First let me note that, even as we justifiably debate some questions about the life, death and burial of Osama bin Laden, I am one of those guys who think that mainstream press coverage of the religious elements of this story has actually been quite solid -- in some cases pushing past the early answers from the White House and into unexplored territory. So, not perfect. Interesting. Solid. Better than expected. Journalistic?
With that in mind, let me move on to note an interesting report from a religious-news source that spotlights a potential source for news and commentary that the mainstream press often misses, during big, global news stories of this kind.
Flash back with me, if you will, about 20-plus years to the pre-Internet newsroom of the Rocky Mountain News (memory eternal). The editors had empowered some reporters and copy editors to start doing hard reporting on international news stories in an attempt to augment the wire copy. This was a trend in that era, even before the Web made it much easier to do that kind of work.
On several occasions I remember editors from the international news desk coming over to ask if I had any suggestions on how to make telephone contact with English-speaking people who were living in regions in which major news events were taking place. We're talking Middle East, Africa, parts of Asia, etc. The goal was to call a voice or two in these locales to discuss what was happening, especially if the people had ties to the Rocky Mountain West or organizations with ties in the region.
If never took me long to get them some names and some numbers. Why? Religious groups and organizations are all over the place and, well, blessed be the ties that bind. In some cases missionaries of case workers could not speak on the record, but they almost always had good tips for sources of info, other unique voices, photography, etc. Some of the Southern Baptists had even been training in basic newswriting skills by Baptist Press.
That leads me to this short news report from an independent Catholic news agency on Asia, drawing on information and commentary from a perfectly logical source in Abbattabad, Pakistan. The lede?
The small Catholic parish in this northern city says it has limited its activities after the death of Al Qaeda leader Osama bin Laden, the mastermind of the 9/11 terror attacks killed by US special forces here.
“I couldn’t conduct pastoral visits to homes yesterday after security increased,” Father Akram Javed Gill told ucanews.com. ”A healing prayer service scheduled today and upcoming Church feasts were cancelled. Also the four policemen posted guard for the church have been put on high alert.”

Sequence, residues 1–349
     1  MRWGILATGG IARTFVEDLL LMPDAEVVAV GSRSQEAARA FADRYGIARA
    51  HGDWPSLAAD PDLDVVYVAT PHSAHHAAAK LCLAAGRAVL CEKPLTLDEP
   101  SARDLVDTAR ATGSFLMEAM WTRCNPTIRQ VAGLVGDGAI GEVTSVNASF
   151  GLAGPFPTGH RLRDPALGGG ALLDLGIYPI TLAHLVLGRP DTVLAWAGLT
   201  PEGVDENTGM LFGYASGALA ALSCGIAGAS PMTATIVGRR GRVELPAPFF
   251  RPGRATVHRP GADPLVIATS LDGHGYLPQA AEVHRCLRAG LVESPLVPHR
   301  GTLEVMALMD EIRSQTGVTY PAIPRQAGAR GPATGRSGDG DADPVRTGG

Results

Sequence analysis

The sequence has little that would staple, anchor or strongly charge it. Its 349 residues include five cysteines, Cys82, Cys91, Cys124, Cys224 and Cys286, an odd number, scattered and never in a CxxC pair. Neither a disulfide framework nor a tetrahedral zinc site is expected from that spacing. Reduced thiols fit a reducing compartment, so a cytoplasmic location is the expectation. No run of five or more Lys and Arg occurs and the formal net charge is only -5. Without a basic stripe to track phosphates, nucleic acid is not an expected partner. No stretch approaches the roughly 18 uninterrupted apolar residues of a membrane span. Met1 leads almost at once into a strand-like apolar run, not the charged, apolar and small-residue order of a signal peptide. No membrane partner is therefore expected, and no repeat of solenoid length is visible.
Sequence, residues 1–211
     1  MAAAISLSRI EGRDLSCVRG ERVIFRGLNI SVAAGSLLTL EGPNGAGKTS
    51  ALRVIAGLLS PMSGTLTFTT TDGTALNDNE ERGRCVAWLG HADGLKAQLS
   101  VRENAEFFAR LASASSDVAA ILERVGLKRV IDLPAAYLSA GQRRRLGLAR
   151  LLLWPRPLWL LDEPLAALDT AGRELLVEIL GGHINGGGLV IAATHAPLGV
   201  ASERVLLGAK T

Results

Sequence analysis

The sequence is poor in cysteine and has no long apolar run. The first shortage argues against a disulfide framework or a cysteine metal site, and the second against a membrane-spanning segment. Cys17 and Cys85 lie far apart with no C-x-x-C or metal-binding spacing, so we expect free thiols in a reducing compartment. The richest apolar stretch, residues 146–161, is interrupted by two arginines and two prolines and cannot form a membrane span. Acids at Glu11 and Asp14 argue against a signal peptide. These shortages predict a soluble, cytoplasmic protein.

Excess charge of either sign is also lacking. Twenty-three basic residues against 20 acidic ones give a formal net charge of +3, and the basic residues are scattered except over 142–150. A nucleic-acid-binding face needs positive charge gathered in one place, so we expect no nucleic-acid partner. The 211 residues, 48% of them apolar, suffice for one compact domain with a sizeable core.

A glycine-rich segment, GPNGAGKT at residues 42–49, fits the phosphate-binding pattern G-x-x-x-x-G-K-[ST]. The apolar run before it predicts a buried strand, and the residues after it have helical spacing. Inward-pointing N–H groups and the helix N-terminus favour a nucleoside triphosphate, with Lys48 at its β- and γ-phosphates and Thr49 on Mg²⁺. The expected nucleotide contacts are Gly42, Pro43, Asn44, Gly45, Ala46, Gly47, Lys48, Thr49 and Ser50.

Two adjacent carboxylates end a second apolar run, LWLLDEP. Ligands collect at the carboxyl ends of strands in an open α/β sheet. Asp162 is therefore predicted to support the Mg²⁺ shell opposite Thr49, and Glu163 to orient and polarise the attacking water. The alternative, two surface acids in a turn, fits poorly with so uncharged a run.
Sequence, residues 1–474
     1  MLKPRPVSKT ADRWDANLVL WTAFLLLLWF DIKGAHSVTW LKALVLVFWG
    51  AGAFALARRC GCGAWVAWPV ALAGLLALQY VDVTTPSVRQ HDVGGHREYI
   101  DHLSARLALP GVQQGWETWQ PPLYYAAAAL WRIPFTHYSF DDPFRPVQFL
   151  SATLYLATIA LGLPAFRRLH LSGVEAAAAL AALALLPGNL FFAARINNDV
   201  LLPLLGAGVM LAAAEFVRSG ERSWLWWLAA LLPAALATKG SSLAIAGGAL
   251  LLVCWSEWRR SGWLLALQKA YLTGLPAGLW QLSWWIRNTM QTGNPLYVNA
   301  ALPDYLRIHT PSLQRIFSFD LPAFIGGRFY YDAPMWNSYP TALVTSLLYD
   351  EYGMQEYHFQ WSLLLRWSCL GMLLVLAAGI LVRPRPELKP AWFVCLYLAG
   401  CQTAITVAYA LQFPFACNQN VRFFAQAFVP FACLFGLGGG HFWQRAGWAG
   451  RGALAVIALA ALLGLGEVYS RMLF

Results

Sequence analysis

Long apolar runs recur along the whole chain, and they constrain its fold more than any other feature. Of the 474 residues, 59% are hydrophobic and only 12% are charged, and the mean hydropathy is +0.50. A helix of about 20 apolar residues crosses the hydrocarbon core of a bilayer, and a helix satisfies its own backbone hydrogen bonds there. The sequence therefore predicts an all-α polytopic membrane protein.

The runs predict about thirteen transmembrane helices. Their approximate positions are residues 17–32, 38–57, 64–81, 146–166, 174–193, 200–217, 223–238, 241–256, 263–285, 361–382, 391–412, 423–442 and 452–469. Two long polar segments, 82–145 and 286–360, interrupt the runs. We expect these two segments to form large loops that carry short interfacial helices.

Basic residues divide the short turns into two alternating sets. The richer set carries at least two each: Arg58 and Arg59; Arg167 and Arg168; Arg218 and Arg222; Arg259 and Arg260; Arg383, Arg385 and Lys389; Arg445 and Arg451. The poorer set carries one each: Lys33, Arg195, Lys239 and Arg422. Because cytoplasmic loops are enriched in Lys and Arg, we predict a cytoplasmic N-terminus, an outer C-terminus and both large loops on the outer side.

The priest has been in charge of the Saint Peter Canisius Catholic church since 2007 in Abbotabbad, the gateway city to the northern mountainous region. ... Association of Churches of Hazara Division, a body of about five Churches including the Catholic Church, has called a meeting to formulate a future strategy in the area.
“It is crucial to maintain peace for the scattered minority communities in the area. We alter the venue at the last moment to avoid leaking the information about the gathering in a tense atmosphere,” said Father Javed.
So, on one level this is simply a story about human rights for minority faiths in Pakistan. Note, however, that this subject is already in the news due to a series of headline-making and, tragically, blood soaked events.
In other words, this is a real story that should be covered (if journalists are concerned about the safety and rights of religious minorities in Pakistan and elsewhere).
Oh, and what about the actual events linked to Osama?
The priest described the events as they unfolded during the raid.
“We never saw helicopters flying so low. Nobody knew what was going on and we thought it was a military exercise at first,” said the priest who also oversees the only Catholic school, St Peter’s, in the city. About 200 students, most of them Muslims, study there.
The priest faces difficulties in his work in Abbottabad, which is home to a large military establishment. He had to build higher walls to the church compound in 2009 after Muslims objected to the “open display” of the statue of Mary in a grotto in the grounds.
Go ahead. Read it. It's another logical source of information about a big story -- from the only Catholic source in Abbottabad.
Religion? It's everywhere.
PHOTO: Saint Peter Canisius Catholic Church, as seen at the "Our Beautiful Abbottabad" website.